Photo: Scott Jurek and Arnulfo Quimare run side-by-side through the Copper Canyons of Mexico. Photo by Luis Escobar.
What I Learned from the Tarahumara’s Most Famous Runner
I first met Tarahumara runner Arnulfo Quimare in 2005 right after he crossed the finish line in the Ultramaratón Caballo Branco (80K) in Urique, Mexico. He had just won first place by outlasting American runner Scott Jurek. We sat on a bench outside Mama Tita’s restaurant in the center of town right after the race. He appeared bien tranquilo in body and soul. He hocked up a few spitballs and sipped water; a sheen of white dust powdered his hair and face, otherwise he seemed little worse for the wear.
For over 7 hours he had run up and down river bluffs on dirt-packed roads; had skirted the edges of towering cliffs and had descended on rock-strewn trails where one misstep means serious injury, possibly death. In the second half of the race, the sun seethed into the canyon like the glow of a branding iron.
I stared at his feet clad in huaraches (sandals), rivulets of cracks in thick callous.
“Aren’t you exhausted?” I begged.
“Only a little bit, mainly in my thighs,” he shrugged, patting his legs. “You know this is a short race for Tarahumara.”
“Short race? But you just ran 80 kilometers through one of the deepest canyons in the world!”
“Sí, no?” He cackled, his deep-brown eyes sparkling.
Arnulfo shocked the international, ultra community by defeating Jurek in Urique, the story made legend by the bestselling book Born to Run by Chris McDougall. At the time of the race, Jurek had established himself as one of the premier ultra runners in the world by winning numerous prestigious races, setting records in most of them including Western States (7 times), the Spartathlon in Greece, a 153-mile race from Athens to Sparta (3), the Hard Rock Hundred Mile Endurance Run (2) and the Badwater Ultramarathon (2).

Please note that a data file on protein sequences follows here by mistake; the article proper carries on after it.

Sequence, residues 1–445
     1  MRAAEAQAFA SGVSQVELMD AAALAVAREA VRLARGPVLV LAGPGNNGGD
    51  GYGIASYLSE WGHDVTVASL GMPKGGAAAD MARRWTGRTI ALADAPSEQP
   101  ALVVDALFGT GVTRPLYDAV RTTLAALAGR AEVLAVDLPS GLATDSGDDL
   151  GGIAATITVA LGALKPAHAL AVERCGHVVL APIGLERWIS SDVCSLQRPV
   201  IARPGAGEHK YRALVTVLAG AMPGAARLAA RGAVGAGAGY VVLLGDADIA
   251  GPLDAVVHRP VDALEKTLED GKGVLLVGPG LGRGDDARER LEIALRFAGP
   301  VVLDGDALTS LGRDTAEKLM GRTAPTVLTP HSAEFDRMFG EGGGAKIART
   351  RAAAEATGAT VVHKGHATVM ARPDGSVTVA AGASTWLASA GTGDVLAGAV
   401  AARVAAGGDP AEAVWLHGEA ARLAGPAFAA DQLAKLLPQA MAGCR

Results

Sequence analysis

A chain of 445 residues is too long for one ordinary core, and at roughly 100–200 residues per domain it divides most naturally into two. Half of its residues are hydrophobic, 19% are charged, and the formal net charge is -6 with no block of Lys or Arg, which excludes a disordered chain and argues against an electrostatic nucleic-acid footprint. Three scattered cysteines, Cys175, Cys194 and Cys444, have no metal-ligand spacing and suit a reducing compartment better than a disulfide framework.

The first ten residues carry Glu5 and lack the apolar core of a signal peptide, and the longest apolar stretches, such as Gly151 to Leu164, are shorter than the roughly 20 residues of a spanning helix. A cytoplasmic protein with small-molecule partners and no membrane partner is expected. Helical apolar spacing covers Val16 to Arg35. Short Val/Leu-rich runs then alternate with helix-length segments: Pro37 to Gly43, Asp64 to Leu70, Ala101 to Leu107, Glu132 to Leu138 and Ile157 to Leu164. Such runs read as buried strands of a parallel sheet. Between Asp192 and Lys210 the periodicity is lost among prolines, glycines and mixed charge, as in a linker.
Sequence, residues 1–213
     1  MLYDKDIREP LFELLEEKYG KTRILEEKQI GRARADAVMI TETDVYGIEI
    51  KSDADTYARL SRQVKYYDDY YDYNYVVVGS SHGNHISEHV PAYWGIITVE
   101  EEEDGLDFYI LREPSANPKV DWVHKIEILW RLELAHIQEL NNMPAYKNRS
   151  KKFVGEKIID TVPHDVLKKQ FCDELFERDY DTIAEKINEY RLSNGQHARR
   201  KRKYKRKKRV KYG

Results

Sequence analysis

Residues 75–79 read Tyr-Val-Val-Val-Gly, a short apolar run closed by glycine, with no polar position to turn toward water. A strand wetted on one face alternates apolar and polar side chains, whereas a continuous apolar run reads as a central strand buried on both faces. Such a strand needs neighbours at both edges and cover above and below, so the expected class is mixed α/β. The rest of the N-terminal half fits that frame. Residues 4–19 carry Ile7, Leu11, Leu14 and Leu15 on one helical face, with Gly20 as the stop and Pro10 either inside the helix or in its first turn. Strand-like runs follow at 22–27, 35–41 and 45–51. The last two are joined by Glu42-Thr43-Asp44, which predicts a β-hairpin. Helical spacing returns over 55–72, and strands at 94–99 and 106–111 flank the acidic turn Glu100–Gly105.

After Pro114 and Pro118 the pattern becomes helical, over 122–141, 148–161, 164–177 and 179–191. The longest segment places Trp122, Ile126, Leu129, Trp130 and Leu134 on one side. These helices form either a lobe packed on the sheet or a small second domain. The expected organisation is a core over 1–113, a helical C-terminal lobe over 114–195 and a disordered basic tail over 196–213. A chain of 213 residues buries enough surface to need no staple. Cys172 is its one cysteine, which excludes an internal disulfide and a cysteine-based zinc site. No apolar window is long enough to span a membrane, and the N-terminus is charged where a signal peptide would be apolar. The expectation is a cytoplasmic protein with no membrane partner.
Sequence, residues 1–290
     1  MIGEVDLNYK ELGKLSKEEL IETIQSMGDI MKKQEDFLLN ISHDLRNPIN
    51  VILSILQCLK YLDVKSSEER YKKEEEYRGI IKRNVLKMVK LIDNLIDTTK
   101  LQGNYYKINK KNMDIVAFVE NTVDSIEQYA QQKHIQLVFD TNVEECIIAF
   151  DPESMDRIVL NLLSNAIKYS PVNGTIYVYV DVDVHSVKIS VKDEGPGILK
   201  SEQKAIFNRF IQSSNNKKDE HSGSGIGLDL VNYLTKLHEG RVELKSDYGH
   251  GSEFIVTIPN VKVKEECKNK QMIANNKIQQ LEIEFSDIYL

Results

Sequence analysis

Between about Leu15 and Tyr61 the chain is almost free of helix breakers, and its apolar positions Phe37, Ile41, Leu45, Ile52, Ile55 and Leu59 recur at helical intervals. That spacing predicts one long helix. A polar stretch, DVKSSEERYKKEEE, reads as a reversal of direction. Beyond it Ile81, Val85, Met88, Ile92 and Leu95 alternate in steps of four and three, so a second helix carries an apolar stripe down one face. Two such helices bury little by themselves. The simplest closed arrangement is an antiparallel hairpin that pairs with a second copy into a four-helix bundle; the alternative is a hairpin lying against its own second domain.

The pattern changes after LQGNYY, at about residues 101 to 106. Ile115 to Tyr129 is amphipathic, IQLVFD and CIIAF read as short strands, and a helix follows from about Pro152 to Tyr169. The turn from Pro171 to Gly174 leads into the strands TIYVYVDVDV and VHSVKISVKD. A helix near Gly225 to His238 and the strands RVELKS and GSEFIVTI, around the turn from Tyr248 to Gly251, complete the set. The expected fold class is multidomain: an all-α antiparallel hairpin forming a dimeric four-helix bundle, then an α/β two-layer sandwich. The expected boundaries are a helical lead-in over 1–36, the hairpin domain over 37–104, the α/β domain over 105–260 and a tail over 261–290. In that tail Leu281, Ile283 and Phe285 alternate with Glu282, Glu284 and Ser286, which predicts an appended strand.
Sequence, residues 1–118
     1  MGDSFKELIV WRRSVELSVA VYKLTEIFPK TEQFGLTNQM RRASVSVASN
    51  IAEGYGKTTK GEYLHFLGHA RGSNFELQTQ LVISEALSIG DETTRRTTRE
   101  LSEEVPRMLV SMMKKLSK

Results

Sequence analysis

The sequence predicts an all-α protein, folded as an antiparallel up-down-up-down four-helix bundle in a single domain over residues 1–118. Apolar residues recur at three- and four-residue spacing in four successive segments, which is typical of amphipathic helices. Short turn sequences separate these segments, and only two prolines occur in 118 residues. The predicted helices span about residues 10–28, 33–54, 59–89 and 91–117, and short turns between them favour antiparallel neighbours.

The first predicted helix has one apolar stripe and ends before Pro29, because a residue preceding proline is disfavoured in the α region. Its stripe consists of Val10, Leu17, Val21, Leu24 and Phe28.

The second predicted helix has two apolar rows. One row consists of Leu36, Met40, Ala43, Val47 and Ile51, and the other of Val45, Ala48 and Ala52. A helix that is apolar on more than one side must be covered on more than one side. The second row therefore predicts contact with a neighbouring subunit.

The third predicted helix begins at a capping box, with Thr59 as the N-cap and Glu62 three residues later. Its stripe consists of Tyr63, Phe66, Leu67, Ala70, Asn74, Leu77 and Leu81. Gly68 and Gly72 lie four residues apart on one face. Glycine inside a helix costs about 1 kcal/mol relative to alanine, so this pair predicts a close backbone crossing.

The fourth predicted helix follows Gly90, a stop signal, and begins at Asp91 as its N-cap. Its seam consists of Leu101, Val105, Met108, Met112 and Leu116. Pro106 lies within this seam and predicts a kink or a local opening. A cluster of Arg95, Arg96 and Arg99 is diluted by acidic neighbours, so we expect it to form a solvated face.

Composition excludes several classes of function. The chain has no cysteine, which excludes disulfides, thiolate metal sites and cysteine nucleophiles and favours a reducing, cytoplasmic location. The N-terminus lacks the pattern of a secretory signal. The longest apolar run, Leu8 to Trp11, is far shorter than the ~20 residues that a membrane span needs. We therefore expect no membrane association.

Conversely, Arnulfo had only run (and won) two western-style ultra marathons in his life at the Ultramaraton de Los Canyones in Guachochi. He was more accustomed to racing while flinging a wooden ball with his foot as he ran in rarajipari, the ancient, traditional race of Tarahumara, that often covers distances of 100-150 kilometers. He had reigned as the champion of rarajipari in the Sierra Madre since he had turned 18, but western-style ultra marathons were totally new concepts.
When Jurek arrived in Urique he had followed an intense training regimen and practiced an extreme vegan diet. He had worked with professional trainers and medical specialists. He toed the starting line wearing the best running shoes money could buy and carried a pouch around his waist with power bars and a Camelbak water container. Like all the foreigners, he warmed up extensively before the race.